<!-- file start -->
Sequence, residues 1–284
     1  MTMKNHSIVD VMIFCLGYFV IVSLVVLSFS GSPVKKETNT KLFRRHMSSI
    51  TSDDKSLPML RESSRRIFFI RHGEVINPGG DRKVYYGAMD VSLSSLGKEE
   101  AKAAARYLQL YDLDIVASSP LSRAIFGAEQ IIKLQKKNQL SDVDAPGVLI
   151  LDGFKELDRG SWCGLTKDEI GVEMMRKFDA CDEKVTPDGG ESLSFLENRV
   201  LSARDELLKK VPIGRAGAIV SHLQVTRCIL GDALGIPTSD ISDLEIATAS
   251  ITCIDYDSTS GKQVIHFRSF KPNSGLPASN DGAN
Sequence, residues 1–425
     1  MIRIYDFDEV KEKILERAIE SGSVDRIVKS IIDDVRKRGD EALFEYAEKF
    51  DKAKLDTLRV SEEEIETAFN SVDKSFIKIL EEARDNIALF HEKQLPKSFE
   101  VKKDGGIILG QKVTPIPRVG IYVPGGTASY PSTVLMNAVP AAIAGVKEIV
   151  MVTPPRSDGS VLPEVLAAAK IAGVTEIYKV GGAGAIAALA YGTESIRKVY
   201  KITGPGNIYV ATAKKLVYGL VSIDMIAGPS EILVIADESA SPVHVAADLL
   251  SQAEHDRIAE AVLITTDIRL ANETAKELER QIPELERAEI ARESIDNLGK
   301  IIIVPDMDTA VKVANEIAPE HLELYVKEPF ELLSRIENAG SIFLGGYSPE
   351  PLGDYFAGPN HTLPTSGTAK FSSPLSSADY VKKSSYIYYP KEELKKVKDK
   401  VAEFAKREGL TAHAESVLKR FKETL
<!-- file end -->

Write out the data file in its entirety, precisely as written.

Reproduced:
Sequence, residues 1–284
     1  MTMKNHSIVD VMIFCLGYFV IVSLVVLSFS GSPVKKETNT KLFRRHMSSI
    51  TSDDKSLPML RESSRRIFFI RHGEVINPGG DRKVYYGAMD VSLSSLGKEE
   101  AKAAARYLQL YDLDIVASSP LSRAIFGAEQ IIKLQKKNQL SDVDAPGVLI
   151  LDGFKELDRG SWCGLTKDEI GVEMMRKFDA CDEKVTPDGG ESLSFLENRV
   201  LSARDELLKK VPIGRAGAIV SHLQVTRCIL GDALGIPTSD ISDLEIATAS
   251  ITCIDYDSTS GKQVIHFRSF KPNSGLPASN DGAN
Sequence, residues 1–425
     1  MIRIYDFDEV KEKILERAIE SGSVDRIVKS IIDDVRKRGD EALFEYAEKF
    51  DKAKLDTLRV SEEEIETAFN SVDKSFIKIL EEARDNIALF HEKQLPKSFE
   101  VKKDGGIILG QKVTPIPRVG IYVPGGTASY PSTVLMNAVP AAIAGVKEIV
   151  MVTPPRSDGS VLPEVLAAAK IAGVTEIYKV GGAGAIAALA YGTESIRKVY
   201  KITGPGNIYV ATAKKLVYGL VSIDMIAGPS EILVIADESA SPVHVAADLL
   251  SQAEHDRIAE AVLITTDIRL ANETAKELER QIPELERAEI ARESIDNLGK
   301  IIIVPDMDTA VKVANEIAPE HLELYVKEPF ELLSRIENAG SIFLGGYSPE
   351  PLGDYFAGPN HTLPTSGTAK FSSPLSSADY VKKSSYIYYP KEELKKVKDK
   401  VAEFAKREGL TAHAESVLKR FKETL